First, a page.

One of the most amiable and best-loved game show hosts ever to grace the airwaves, Chicago native Pat Sajak first entered the world of broadcasting as a "guest teen deejay" on WLS Radio's Dick Biondi Show in 1965. Later, while Sajak was attending Columbia College in Chicago, an instructor informed him of an opening at a local radio station, and after an impressive audition for the program director, the eager student was hired as a newsman on the graveyard shift.
In 1968, Sajak dropped out of Columbia after only three years and joined the Army, entertaining soldiers stationed in Vietnam as a morning-show host on Armed Forces Radio. Upon returning stateside, Sajak had little luck finding radio and television work in Washington, D.C., and began working as a desk clerk at the downtown Madison Hotel. Later, when a friend informed him of an opening at a small radio station in southeastern Kentucky, Sajak traveled south and became the overnight disc jockey at the 250-watt station. It didn't take long for Sajak to realize that his career was going nowhere in Kentucky, however, and after about a year he relocated to Nashville and applied at virtually every radio and television station in town. Faced with rejection at every outlet, Sajak was once again relegated to working at a local hotel. But they say that persistence pays off, and in Sajak's case, that old adage proved true. Refusing to give in to rejection, the tireless broadcast hopeful continued to make his presence known to the local broadcasting outlets and was eventually hired into a local NBC affiliate.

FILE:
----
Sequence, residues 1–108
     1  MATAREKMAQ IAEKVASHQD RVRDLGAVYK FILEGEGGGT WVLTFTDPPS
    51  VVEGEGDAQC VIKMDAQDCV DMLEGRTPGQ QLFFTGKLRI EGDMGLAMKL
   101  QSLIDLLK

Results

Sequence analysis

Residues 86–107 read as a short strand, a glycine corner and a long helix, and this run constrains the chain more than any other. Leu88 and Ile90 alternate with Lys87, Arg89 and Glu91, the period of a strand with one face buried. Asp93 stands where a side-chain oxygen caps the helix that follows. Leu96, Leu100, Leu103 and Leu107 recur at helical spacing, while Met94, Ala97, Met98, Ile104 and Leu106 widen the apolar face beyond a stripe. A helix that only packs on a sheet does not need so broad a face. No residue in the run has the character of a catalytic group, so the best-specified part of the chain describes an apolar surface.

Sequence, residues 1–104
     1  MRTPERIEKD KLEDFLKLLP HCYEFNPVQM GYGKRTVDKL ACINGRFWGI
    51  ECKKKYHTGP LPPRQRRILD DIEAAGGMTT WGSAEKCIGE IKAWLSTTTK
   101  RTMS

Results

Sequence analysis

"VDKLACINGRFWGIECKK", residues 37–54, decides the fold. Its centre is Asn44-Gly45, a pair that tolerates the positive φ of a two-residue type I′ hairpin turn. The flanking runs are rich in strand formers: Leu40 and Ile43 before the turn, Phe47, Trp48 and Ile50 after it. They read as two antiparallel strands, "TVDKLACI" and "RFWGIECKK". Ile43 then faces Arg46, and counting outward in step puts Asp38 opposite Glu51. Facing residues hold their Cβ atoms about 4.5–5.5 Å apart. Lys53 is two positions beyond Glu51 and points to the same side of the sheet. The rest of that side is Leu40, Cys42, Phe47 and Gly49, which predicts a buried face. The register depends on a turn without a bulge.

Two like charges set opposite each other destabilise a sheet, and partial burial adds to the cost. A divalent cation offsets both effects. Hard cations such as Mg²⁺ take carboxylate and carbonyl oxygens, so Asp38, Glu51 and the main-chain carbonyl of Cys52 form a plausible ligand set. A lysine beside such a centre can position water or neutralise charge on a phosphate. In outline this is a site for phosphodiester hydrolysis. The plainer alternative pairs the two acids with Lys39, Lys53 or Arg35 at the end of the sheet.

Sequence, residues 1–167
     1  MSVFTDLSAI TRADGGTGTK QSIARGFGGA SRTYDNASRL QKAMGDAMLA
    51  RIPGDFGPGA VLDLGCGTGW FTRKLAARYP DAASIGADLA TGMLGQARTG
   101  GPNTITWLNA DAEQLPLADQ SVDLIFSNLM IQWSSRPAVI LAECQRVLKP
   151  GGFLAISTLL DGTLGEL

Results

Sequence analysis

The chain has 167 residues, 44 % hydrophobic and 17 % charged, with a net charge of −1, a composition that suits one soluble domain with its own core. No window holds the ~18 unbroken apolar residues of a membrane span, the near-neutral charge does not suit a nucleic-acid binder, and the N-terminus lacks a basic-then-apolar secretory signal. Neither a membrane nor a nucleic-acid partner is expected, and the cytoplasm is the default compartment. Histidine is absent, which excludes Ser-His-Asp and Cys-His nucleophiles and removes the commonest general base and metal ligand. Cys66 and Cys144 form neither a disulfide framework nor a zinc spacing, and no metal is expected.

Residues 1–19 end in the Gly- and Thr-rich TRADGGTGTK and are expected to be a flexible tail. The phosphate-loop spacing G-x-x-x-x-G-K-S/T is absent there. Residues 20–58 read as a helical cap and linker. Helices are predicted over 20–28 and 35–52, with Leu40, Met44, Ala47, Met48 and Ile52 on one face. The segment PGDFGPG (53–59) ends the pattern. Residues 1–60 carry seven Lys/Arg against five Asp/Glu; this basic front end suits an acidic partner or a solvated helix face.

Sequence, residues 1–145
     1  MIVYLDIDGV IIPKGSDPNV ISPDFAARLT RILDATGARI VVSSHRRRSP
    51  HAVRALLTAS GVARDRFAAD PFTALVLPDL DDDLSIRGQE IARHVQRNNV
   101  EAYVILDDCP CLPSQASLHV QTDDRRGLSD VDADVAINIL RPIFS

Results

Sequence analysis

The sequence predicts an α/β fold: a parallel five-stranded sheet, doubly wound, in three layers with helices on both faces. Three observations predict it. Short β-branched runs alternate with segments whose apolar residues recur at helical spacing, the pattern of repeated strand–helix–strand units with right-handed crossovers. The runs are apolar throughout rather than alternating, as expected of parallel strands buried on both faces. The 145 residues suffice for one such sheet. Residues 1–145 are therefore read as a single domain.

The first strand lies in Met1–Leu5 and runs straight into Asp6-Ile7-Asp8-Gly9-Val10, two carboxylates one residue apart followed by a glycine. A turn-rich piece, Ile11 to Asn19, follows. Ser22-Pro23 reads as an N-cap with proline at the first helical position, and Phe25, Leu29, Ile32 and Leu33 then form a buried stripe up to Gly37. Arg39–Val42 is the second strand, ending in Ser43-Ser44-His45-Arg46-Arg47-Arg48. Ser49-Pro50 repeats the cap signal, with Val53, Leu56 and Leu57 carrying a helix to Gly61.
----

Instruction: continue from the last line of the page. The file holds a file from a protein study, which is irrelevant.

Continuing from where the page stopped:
While Sajak's easygoing versatility found him serving in a variety of capacities at WSM Channel 4, it was his talents as a weatherman that got him the most exposure -- and a few short years later he was scouted by KNBC in Los Angeles and decided to make the trek out west. In addition to continuing as a weatherman at KNBC, Sajak also hosted a weekend talk show for the station. In 1981, Sajak's smooth on-air persona caught the attention of producer Merv Griffin, who was seeking a replacement host for a daytime game show called the Wheel of Fortune. While he wasn't actually certain whether he was the right man for the job, Sajak figured the gig would only last for a year or two and dutifully accepted. Two Emmys, a People's Choice Award, and a star on the Hollywood Walk of Fame later, Sajak was one of the best-loved hosts in game show history.
Outside of his Wheel of Fortune hosting duties, the noted conservative and avid sports fan also hosted the short-lived Pat Sajak Weekend on Fox News in 2003.
~ Jason Buchanan, Rovi